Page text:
Here it is January and it’s -16 degrees C outside! The 2oldguyswalking team are looking forward to Spring when we can get into some real walking routes with descriptions and pictures relating to this blog. But until then I would like a change of subject and get philosophical here to entertain you with this post.
They say you can’t go back and whoever “they” are, they seem to be right! When I was a young rug-rat my parents informed me it was time I went to school and get educated. No, I did not have to walk ten miles uphill both ways to get to school. The quaint little one room school was next door to my home. It was called Camborne SS #10 ½. Sixty years later I am still bewildered where the ½ came from, no other school in Ontario seems to have the ½ designation! This school had grade 1 to grade 8 all in one room! We should have all been really well learned as we were exposed to a ton of info as the teacher went from grade to grade with lessons.
Finally at grade 8 graduation (unlike today, there was no wild party attended by parents and friends to celebrate this great event!) Guess what…they closed this little school the year I went to High School ten miles away and had to ride the big yellow bus to get there! A new multi-room school complete with a large gymnasium was established that year.
Note: This school still exists and is used as a community meeting place complete with a great new playground.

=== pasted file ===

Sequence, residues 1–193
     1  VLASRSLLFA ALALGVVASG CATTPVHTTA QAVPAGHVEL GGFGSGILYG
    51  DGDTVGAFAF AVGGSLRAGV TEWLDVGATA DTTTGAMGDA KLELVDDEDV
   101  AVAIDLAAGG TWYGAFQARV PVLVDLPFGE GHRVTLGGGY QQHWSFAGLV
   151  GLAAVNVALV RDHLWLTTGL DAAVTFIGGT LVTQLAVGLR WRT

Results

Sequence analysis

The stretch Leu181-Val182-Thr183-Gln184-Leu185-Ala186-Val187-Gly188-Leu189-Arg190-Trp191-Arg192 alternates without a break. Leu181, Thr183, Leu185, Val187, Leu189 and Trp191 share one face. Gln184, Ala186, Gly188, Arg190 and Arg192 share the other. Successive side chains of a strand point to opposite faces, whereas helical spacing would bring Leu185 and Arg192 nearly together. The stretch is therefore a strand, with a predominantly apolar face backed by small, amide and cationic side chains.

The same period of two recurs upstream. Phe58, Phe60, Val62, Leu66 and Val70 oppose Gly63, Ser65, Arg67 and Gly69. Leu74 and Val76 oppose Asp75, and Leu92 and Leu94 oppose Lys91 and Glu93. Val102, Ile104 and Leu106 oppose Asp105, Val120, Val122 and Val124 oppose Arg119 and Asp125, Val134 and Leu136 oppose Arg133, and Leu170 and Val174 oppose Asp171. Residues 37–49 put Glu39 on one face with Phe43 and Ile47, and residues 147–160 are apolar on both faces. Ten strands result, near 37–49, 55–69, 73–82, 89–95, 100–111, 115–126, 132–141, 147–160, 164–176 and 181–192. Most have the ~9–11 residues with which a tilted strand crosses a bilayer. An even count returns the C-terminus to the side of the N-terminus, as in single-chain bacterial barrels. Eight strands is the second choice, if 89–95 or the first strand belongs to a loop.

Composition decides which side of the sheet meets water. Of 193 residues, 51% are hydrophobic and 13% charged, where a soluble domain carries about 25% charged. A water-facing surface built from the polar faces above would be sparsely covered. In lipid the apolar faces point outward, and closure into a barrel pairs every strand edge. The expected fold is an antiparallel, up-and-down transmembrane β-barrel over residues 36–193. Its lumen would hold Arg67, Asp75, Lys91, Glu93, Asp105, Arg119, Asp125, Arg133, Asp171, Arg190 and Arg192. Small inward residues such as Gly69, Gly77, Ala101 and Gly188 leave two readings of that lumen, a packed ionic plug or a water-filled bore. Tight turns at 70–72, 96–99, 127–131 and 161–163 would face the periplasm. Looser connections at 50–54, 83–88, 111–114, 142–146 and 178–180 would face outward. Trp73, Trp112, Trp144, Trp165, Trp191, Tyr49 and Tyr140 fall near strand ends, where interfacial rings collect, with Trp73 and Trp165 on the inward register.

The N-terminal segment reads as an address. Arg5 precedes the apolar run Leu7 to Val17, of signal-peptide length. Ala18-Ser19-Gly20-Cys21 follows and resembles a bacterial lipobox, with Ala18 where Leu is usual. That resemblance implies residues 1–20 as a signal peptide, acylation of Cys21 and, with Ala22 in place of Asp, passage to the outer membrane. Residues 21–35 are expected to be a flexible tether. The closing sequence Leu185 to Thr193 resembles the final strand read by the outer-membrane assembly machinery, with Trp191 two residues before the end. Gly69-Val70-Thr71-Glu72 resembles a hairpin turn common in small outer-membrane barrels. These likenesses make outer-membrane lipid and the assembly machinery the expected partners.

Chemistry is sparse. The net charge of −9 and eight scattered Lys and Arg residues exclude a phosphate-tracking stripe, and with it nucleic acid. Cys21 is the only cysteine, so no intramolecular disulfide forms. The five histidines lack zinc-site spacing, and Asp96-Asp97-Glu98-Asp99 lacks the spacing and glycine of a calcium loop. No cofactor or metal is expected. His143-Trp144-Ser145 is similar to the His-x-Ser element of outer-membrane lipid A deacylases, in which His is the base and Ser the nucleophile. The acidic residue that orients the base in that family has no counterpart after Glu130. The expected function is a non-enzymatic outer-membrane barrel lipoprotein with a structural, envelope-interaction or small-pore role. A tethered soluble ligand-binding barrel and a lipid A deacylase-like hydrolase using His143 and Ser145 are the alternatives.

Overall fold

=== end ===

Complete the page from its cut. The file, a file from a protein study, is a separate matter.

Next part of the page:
At about this time Camborne was blessed with a great Ski Club. This club was owned by a wonderful couple named Mr & Mrs D who hired what seems like hundreds of neighborhood kids in their first time paid jobs. I was lucky to get the best job there…the rope-tow operator! The rope-tow was actually a ’48 Chev car with the body removed. It was enclosed in a wooden shack at the top of the ski hill, and powered a rope that ran in a loop to the bottom of the hill. To ski to the top of the hill, skiers had to get in the ‘groove’ with their skis and grab the moving rope under their arm and hang on for dear life with both hands to ascend the hill. Here is the best part of the job, I could bring selected friends up the hill twice as fast as they would ever go down it simply by pressing down hard on the gas pedal! Almost as much fun was to stop the rope when same friends were half way up and watch six people fall flat on the ground and then try to get back onto the moving rope!